Living Wage Series - Honduras - September 2019 - In HNL, per Month

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You are looking at an archive page of WageIndicator Living Wages. This data is not comparable with recent data provided by WageIndicator. This is due to revised data cleaning procedures adopted by WageIndicator and the impact of the Covid-19 pandemic on the cost of living globally. Moreover, the national data shown does not reflect the regional data that is used for Living Wage implementation.

Interested to implement WageIndicator's Living Wages in your organisation's compensation and benefits, using data that is updated every quarter? Learn about the database options and rates and the countries and regions covered. For academic use, data on Living Wages and the cost of living can be acquired for free.

The Living Wage is based on the concept that work should provide an adequate income to cover the necessary living costs of a family. WageIndicator uses prices from the Cost of Living Survey to calculate Living Wage in more than 70 countries. The Living Wage is an approximate income needed to meet a family’s basic needs including food, housing, transport, health, education, tax deductions and other necessities.

The following table summarises the varying expenditure and income needs for the three commonly occurring family household compositions.

Expenditure and Living Wage calculation (monthly rates in HNL)

  Typical family Standard family Single-adult
  from-to from-to from-to
Food expenses 3450-4860 3070-4320 765-1080
Housing expenses 3500-5000 3500-5000 1860-2860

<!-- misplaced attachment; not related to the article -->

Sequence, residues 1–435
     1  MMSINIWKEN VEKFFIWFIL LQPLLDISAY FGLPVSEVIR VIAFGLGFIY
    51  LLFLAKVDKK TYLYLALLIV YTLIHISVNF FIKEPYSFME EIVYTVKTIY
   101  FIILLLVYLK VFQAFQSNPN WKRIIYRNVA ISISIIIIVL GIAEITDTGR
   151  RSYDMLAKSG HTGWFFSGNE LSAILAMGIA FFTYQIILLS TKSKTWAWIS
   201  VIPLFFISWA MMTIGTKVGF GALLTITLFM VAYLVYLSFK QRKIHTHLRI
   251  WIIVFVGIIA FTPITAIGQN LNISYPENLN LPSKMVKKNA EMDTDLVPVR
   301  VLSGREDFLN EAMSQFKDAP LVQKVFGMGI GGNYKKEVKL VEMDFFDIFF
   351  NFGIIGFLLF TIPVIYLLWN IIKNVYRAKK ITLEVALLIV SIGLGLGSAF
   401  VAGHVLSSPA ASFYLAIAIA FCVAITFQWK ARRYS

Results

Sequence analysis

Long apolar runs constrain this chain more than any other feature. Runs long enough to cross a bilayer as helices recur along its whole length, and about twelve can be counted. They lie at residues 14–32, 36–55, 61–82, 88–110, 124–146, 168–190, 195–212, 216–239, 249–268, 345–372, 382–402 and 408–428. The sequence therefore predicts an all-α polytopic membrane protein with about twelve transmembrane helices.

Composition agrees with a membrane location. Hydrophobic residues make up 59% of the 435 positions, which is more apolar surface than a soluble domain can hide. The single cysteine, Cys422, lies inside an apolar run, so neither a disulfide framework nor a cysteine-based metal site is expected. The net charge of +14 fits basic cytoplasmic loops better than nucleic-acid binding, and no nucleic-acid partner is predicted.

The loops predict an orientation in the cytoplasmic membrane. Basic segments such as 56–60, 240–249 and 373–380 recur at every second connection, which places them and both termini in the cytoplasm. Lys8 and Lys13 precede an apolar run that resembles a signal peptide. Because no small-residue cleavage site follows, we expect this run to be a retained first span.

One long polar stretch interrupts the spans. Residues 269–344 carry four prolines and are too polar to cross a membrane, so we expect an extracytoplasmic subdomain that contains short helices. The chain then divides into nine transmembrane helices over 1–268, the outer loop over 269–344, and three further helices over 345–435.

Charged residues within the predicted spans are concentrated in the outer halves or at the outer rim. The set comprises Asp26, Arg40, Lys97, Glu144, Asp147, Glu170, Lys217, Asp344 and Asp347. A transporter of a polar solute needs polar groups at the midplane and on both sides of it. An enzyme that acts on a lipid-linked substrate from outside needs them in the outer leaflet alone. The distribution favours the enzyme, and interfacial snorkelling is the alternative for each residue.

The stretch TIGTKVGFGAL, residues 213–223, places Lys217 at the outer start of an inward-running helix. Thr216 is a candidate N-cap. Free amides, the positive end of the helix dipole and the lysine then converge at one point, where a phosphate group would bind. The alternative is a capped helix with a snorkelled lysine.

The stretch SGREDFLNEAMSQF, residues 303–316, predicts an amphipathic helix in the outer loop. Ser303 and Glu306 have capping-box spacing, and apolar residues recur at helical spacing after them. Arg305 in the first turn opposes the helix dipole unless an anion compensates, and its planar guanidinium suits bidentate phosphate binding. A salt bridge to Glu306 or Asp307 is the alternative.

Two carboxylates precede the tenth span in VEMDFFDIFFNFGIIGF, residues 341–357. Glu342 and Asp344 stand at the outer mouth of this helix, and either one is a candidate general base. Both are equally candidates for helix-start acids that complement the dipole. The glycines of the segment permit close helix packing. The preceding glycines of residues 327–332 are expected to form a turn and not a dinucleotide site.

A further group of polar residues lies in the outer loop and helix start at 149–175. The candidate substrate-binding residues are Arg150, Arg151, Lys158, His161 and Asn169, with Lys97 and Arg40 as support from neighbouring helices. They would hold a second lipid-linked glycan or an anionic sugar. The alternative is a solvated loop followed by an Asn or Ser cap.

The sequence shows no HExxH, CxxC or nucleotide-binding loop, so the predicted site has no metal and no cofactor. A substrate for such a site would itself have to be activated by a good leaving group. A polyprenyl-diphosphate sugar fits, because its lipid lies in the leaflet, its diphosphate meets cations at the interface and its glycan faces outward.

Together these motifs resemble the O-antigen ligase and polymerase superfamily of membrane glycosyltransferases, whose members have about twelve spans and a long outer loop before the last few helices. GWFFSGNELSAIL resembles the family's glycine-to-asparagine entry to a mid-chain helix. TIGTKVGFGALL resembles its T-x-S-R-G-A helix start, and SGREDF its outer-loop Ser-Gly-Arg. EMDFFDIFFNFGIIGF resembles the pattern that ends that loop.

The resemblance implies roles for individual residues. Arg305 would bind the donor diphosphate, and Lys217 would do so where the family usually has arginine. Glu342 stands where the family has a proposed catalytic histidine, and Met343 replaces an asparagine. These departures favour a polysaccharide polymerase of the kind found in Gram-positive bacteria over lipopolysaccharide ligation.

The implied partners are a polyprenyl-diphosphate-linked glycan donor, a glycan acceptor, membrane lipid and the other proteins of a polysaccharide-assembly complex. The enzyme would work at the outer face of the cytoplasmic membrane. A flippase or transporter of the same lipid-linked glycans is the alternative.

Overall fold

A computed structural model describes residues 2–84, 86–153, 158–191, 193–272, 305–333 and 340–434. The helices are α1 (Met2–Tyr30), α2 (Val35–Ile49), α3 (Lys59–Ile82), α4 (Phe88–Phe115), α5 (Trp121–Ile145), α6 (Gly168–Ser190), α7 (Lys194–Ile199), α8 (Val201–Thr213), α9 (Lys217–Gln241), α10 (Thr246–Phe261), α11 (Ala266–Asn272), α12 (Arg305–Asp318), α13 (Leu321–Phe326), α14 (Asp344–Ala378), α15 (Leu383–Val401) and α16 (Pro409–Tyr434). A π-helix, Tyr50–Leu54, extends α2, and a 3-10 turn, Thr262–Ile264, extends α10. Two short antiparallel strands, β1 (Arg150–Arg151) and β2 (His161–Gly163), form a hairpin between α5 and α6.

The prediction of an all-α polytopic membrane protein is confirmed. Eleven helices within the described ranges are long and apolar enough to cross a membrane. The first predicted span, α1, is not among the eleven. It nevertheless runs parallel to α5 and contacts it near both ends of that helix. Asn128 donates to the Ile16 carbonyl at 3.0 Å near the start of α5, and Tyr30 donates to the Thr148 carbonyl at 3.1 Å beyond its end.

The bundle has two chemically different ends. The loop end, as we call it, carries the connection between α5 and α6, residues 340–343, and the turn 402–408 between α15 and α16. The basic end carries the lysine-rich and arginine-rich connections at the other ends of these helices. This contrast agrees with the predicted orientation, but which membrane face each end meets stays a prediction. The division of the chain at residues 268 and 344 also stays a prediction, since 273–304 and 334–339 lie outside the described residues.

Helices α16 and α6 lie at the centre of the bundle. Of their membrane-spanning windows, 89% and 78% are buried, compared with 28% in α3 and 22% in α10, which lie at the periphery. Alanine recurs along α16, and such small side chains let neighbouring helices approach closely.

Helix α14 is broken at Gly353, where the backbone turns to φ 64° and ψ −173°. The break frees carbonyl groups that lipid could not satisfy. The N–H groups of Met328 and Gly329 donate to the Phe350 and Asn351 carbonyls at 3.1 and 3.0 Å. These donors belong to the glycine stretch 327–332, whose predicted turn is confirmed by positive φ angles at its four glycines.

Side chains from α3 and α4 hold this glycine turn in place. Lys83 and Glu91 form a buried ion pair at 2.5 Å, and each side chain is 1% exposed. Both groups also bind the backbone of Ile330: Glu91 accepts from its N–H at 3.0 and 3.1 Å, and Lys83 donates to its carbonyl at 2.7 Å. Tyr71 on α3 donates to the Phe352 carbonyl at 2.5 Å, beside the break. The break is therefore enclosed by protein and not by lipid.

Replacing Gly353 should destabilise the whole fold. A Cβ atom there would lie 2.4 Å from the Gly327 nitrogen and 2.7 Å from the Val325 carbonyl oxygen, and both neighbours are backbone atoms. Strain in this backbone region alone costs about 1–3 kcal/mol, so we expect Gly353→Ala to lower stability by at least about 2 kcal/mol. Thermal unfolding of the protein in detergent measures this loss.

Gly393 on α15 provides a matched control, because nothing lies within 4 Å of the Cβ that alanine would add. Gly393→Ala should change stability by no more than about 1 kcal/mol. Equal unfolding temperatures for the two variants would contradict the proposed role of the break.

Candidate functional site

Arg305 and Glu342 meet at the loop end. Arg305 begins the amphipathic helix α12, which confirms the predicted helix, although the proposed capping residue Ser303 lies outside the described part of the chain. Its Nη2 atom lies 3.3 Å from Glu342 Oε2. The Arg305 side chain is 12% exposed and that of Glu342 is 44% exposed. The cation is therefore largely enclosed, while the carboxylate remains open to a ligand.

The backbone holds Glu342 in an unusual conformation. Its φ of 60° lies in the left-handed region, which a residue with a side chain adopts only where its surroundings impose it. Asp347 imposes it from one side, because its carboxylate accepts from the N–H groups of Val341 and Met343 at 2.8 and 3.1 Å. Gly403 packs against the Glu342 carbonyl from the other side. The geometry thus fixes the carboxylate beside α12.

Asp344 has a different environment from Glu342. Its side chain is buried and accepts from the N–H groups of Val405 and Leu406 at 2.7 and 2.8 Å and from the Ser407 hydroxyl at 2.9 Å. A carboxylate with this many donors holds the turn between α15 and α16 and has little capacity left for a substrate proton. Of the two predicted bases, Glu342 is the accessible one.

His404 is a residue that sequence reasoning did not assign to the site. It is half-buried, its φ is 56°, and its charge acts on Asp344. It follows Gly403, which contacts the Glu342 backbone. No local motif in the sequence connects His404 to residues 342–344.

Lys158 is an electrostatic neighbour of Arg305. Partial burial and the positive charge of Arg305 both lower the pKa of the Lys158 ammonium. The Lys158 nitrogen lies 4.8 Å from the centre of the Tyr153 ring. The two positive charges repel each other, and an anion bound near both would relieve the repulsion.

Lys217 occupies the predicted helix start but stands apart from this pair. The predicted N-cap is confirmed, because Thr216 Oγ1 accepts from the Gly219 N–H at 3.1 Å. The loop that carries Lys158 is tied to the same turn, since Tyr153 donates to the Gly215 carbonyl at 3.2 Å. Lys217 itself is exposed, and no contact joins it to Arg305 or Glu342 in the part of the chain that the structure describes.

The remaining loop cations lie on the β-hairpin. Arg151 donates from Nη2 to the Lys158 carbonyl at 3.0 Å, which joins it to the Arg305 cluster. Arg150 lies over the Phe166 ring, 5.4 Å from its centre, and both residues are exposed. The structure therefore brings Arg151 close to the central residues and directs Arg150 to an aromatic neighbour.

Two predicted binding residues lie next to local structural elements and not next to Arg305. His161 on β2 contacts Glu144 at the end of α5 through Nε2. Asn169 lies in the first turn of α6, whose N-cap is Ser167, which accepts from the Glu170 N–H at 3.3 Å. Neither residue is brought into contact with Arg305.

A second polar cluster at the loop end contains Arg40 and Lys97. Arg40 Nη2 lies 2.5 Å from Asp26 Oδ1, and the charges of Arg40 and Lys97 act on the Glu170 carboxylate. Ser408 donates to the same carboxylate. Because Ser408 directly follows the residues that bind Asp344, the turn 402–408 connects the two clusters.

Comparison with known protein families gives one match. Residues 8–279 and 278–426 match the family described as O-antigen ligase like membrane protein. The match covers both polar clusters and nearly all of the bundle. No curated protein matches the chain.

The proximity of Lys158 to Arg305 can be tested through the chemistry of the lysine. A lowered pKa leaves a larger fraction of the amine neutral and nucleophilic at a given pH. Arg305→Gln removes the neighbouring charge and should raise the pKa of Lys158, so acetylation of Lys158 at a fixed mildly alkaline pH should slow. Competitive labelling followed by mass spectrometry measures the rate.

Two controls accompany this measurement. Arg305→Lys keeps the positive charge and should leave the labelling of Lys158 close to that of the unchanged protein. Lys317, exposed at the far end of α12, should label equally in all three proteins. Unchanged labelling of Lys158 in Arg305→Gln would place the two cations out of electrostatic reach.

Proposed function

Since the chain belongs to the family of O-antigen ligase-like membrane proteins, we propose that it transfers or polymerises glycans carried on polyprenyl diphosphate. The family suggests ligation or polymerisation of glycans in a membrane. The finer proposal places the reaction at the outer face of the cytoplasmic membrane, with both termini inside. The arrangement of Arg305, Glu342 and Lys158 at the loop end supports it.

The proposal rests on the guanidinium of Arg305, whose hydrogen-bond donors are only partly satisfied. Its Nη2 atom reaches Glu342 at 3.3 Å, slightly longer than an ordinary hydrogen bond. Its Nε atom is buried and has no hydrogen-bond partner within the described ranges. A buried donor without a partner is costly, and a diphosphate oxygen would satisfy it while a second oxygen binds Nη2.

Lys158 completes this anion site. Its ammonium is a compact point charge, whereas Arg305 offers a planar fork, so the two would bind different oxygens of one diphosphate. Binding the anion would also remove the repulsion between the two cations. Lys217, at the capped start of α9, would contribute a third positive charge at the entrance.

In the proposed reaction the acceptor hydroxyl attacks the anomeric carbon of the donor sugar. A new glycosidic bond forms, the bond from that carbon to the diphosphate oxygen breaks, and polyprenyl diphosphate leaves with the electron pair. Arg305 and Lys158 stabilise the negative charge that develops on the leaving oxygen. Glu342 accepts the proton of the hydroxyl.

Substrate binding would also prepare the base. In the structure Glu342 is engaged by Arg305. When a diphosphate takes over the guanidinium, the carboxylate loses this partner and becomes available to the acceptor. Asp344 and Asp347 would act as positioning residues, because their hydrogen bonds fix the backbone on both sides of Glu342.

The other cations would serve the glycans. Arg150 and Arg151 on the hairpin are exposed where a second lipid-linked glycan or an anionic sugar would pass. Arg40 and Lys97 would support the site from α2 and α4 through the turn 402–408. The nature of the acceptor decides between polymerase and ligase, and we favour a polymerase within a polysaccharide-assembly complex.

Transport expenses 1000-1200 1000-1200 500-600
Healthcare expenses 1000-1100 1000-1100 250-275
Education expenses 800-1500 800-1500 0
Other expenses 485-685 470-655 170-240
Total Expenditure 10235-14345 9840-13775 3545-5055
Net Living Wage 6021-8438 5467-7653 3545-5055
Gross Living Wage 6500-9120 5910-8270 3830-5460

Note: For more details see Living Wage FAQ.


Family Living Wages (monthly rates in HNL)

There is not a single answer to what is the adequate cost of living. The result is complex, as the cost of living varies by household composition, location, and employment pattern. The following table presents the Living Wage estimates for a set of most common family household compositions and under different assumptions about working hours.

Typical family (two parents + 2.5 children, 1.7 working) 6500-9120
Standard family (two parents + 2 children, 1.8 working) 5910-8270
Two parents and two children, 2 working 5320-7440
Two parents and two children, 1.5 working 7090-9920
Two parents and two children, 1 working 10600-14900
Two parents and three children, 1.7 working 6760-9470
Two parents and four children, 1.7 working 7270-10200
Single-adult without children, 1 working 3830-5460

Note: Results in the table are rounded.


Living Wages in Context (monthly rates in HNL)

The Minimum Wage is a national legally binding obligation on employers which often make no reference to a living standard. Living Wage describes the adequate living standard. The common goal of the many living wage campaigns currently taking place all over the world is to lift Minimum Wages levels to those of the Living Wages. WageIndicator presents Living Wages jointly with Minimum Wages, aiming to raise awareness concerning the remaining differences in levels. Living Wages are presented in context with other wage indicators including prevailing wages of workers over recent years.

  2016 2017 2018 2019
Minimum wage 5682 5870 6097 6440
Living Wage - Single Adult - - - 3830-5460
Living Wage - Typical Family - - - 6500-9120
Real wage of low-skilled worker 7280-9530 8010-10300 8360-10700 8780-10700
Real wage of medium-skilled worker 8110-10300 8630-10700 8860-11000 9220-10700
Real wage of high-skilled worker 10700-15400 11400-16100 11900-16800 12400-16500

Note: Table shows the lowest monthly Minimum Wage in a country, when available. Reported monthly earnings of workers in low-, medium-, and high-skilled occupations are obtained from the voluntary WageIndicator web survey on work and wages. Results in the table are rounded.